A new job announcement was posted some couple of days ago: the University of Lisbon offers two post-doctoral research positions for up to 5 years. Application submission opens this Wednesday, 7 December and closes on 13 January 2012.
Posts in the category » Teaching « ( 47 Posts )
Open research positions at Lisbon University2011-12-05 | in Teaching, Uncategorized
Cologne University – PhD position in Archaeoseismology available2011-11-23 | in Teaching, Uncategorized
The University of Cologne (Seismological Station Bensberg) invites applications for an open position as a Doctoral Student. An essential part of the research activities of the candidate will be dedicated to his/her work on a dissertation project. This work will be part of a research project on Archaeoseismological Studies in Midea and Tiryns, Greece concerned with the possible seismogenic cause of the decline of the great Mycenaean palaces of the Argolis.
What’s up? The Friday links (17)2011-07-22 | in Teaching, The Friday Links
This week’s Friday links are almost entirely earthquake related.
On James’ Empty Blog you can find some scary but interesting videos from the Japan tsunami area.
The 3rd INQUA-IGCP567 international workshop on paleoseismology and archeoseismology will take place in Mexico in November 2012. It’s the 100th anniversary of the Acambay Earthquake.
Public version of the EEE Catalogue online!2011-07-21 | in paleoseismicity.org, Teaching
The public version of the EEE Catalogue, a global catalogue of environmental effects induced by modern, historical and paleoearthquakes, is available at http://www.eeecatalog.sinanet.apat.it/terremoti/index.php. This public version has been developed on Google Earth and aims at providing basic information at earthquake, locality and site level, including the rupture zones (when available) and the local description of environmental effects, integrated by some imagery (photographs, stratigraphic logs, etc.). more
Young Geologists – New Insights (1)2011-06-21 | in Teaching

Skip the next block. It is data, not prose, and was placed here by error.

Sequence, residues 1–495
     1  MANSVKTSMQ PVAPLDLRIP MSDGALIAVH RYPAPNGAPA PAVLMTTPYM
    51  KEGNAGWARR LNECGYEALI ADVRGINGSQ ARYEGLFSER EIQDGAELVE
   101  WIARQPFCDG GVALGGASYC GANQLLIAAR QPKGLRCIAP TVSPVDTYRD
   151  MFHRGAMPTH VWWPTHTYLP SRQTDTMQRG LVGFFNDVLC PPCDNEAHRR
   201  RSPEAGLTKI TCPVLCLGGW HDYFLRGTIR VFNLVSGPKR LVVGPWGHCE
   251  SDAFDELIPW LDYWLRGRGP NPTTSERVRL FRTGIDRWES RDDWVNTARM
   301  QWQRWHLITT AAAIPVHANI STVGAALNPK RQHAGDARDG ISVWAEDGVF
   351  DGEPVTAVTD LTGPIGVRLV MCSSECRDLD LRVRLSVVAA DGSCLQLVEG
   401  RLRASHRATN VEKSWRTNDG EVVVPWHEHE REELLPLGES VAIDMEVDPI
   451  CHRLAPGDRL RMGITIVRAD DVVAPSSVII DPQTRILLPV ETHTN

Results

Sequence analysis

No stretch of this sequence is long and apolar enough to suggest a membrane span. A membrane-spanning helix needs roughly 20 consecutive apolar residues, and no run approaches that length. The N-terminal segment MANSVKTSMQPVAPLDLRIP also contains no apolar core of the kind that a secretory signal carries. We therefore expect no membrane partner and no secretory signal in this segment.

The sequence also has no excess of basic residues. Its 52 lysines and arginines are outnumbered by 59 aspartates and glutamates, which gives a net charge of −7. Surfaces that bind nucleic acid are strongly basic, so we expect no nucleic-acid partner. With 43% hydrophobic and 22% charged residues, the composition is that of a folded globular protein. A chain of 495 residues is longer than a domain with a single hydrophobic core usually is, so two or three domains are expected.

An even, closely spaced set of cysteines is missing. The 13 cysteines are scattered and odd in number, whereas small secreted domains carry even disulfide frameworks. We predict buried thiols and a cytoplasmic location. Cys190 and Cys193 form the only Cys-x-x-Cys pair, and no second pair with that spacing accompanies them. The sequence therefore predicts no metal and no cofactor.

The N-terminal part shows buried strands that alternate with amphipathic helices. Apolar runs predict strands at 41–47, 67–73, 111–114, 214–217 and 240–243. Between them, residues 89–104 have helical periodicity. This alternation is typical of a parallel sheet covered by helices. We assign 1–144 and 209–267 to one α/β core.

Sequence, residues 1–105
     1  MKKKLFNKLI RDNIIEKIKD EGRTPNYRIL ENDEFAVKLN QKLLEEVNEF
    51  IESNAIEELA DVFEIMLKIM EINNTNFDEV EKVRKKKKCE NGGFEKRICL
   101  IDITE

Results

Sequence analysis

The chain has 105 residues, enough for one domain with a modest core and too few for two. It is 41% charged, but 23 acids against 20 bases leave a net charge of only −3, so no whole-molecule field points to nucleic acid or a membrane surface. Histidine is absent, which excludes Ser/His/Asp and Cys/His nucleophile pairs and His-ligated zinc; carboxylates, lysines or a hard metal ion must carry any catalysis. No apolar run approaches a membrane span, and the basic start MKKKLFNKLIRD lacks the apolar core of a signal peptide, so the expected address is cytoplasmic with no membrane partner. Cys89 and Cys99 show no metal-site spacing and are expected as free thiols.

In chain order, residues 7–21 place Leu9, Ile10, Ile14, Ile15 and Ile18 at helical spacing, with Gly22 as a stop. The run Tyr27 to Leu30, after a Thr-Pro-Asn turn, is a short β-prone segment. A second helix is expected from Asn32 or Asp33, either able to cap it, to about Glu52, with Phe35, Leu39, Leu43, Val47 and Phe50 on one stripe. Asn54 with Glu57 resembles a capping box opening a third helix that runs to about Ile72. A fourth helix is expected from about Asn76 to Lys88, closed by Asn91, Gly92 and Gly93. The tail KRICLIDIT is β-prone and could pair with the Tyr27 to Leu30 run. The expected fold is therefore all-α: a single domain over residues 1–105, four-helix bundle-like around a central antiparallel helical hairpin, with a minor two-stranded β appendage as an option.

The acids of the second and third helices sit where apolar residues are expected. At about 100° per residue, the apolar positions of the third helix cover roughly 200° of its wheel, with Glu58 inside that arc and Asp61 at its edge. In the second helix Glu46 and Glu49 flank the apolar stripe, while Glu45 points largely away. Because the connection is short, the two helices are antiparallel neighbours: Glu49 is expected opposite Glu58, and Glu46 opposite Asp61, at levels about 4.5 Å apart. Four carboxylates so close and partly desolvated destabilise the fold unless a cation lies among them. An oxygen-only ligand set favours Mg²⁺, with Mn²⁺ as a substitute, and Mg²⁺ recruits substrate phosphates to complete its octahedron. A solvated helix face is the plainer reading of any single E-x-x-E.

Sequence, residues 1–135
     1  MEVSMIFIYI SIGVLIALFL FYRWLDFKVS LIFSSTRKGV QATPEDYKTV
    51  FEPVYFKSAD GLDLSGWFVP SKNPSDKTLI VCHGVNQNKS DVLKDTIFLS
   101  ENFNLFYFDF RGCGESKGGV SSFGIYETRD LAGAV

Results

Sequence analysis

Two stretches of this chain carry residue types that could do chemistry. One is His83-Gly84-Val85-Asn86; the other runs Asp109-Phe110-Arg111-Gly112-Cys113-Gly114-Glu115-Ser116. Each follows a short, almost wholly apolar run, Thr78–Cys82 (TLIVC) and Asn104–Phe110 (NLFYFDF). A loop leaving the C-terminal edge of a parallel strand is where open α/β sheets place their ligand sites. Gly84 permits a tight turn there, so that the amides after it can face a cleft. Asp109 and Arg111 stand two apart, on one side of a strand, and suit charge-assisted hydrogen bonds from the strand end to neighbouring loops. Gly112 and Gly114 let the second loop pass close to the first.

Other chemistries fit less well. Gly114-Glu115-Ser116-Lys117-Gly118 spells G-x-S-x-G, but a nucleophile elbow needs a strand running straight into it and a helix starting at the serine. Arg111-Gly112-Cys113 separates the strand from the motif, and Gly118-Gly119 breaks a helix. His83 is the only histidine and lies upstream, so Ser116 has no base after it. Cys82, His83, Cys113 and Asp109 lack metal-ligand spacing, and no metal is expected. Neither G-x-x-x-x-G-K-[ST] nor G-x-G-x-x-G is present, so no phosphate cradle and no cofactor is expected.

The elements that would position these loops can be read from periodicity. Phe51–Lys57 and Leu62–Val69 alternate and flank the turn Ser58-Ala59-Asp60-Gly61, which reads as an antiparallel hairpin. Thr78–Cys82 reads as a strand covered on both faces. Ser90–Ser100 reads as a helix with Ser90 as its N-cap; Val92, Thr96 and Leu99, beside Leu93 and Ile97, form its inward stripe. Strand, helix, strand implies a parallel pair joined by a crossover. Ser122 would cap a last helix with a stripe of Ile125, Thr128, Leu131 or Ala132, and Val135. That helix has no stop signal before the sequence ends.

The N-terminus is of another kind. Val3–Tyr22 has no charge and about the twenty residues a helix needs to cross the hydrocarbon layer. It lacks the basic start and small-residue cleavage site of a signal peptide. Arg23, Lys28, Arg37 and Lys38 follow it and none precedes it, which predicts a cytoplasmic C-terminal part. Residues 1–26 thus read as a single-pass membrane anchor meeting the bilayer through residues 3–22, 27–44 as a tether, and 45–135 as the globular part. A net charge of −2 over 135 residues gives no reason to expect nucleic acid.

In April 2011 we started on a field trip to investigate the Padul-Nigüelas Fault Zone in Spain (+/- 37°N, 3°36°W, see map here). Like the Wednesday Centerfault (5), the PNFZ is in the Granada Basin but some 40 km ENE. Delimiting Tortonian to Quaternary basin fillings to the Sierra Nevada, the PNFZ forms hardrock scarps. more
Why was the Christchurch earthquake so devastating?2011-02-23 | in Teaching | 3 responses
A M6.3 earthquake hit Christchurch, New Zealand on 22 February (21 Feb in UTC), leaving at least 75 people dead and hundreds injured or missing. Hundreds of houses were destroyed, including the Christchurch Cathedral, and damages will probably sum up to some billion dollars. On 4 September 2010 (3 Sept in UTC), a M7.0 event struck Christchurch, but then no one was killed. So: what’s the difference between the two events?
Teaching Paleoseismology – Excursion to Greece2010-12-01 | in Teaching | 2 responses
Paleoseismology and archeoseismology do only rarely appear in the curriculae of geoscience studies. Those topics will be covered in courses on tectonics and structural geology in most universities. Practical courses that allow applying the knowledge in the field can be a very good supplement, but in Germany, active faults are rare. RWTH Aachen University therefore organized a field trip to Greece, where active faults, fault scarps, archeological sites and beautiful outcrops are omnipresent.